The golf world is abuzz with news of the PGA Tour's merger with Saudi Arabian-backed LIV Golf. The deal, which was announced on Tuesday, ends a multi-year turf war and provides the PGA Tour with access to the Public Investment Fund's vast resources.
The merger has been met with mixed reactions from golfers, with some seeing it as a necessary step for the growth of the game, while others view it as a compromise of values due to Saudi Arabia's human rights history.
The partnership between the PGA Tour and LIV Golf has been a long time coming, with talks between the two sides beginning seven weeks ago. PGA Tour commissioner Jay Monahan and Governor of the Public Investment Fund, Yasir Al-Rumayyan, struck the deal after meeting in Venice and London.
The sudden announcement caught many off guard, including LIV Golf frontman Greg Norman and PGA Tour players Tiger Woods and Rory McIlroy. Monahan emphasized that the agreement is not final and that he plans to speak with all players to ensure it is done "the right way."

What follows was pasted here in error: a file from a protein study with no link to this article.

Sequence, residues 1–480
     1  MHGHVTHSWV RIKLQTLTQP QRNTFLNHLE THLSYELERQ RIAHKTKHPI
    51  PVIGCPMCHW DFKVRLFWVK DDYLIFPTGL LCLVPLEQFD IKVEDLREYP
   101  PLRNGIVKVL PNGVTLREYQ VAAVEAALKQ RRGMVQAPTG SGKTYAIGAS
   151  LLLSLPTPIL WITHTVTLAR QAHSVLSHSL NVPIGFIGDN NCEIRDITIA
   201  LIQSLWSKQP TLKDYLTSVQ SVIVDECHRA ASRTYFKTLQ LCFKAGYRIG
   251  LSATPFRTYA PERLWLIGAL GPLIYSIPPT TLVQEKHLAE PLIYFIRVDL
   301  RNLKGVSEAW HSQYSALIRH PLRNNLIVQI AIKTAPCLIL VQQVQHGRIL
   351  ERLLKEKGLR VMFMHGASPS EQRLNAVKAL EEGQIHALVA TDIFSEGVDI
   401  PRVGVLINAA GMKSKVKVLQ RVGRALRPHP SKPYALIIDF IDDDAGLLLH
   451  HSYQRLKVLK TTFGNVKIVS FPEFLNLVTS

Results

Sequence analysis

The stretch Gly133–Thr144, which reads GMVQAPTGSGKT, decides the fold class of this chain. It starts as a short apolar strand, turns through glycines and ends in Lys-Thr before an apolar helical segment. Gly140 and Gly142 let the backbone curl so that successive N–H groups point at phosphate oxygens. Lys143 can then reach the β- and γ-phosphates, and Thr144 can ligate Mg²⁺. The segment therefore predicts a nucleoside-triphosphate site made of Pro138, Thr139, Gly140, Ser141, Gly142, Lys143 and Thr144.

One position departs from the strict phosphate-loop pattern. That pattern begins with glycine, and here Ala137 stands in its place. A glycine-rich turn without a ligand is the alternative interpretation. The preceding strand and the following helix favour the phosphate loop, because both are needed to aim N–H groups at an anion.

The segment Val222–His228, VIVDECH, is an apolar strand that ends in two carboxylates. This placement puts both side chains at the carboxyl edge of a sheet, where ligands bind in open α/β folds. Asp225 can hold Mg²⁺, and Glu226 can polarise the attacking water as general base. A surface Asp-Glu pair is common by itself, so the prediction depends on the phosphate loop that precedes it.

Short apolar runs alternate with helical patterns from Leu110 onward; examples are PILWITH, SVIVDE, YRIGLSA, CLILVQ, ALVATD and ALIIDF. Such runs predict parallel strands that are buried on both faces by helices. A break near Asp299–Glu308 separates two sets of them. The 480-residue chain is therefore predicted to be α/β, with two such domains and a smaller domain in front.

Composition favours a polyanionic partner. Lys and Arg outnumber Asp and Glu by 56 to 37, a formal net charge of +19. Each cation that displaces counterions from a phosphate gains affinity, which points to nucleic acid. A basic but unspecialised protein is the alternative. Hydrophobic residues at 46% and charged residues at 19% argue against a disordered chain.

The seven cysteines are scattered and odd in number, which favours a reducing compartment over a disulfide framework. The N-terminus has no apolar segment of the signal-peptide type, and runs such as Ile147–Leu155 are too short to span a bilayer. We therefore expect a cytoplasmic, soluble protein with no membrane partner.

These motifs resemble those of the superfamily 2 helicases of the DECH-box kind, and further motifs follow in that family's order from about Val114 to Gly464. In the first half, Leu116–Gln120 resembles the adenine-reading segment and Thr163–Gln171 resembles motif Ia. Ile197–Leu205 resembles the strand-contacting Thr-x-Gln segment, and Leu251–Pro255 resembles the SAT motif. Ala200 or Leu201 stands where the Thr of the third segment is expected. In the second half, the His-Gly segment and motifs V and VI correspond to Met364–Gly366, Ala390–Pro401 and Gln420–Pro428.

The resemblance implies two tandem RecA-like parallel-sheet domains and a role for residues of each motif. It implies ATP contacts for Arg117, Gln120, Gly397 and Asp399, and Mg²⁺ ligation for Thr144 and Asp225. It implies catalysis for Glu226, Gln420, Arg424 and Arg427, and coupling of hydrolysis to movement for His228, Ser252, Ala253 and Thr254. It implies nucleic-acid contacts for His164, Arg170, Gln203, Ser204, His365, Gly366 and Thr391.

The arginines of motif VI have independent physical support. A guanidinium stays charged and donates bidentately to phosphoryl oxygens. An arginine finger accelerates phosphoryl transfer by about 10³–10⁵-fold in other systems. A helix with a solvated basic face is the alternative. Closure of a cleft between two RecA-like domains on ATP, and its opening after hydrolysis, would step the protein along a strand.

The merger will also end all outstanding litigation, including a lawsuit filed by several golfers who joined the LIV tour against the PGA Tour. The new partnership has the potential to grow the game, but some players may have issues with receiving money from a country with a history of human rights violations.
In the end, the impact of the move is likely to be felt for some time. While the PGA Tour now has access to the PIF's resources, it has also compromised its values by partnering with a country known for human rights abuses. Only time will tell whether this partnership was worth the cost.